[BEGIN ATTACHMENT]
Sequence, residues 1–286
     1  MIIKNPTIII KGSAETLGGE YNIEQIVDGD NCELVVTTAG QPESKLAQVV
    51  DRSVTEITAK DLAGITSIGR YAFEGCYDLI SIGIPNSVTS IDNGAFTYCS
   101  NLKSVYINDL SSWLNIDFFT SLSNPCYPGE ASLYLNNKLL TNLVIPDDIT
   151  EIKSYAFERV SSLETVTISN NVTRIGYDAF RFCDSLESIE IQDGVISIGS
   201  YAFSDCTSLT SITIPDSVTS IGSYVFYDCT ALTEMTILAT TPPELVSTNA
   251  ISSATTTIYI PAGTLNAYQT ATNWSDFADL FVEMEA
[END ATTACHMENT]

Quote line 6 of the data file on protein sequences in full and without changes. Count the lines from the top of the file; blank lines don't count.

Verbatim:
   201  YAFSDCTSLT SITIPDSVTS IGSYVFYDCT ALTEMTILAT TPPELVSTNA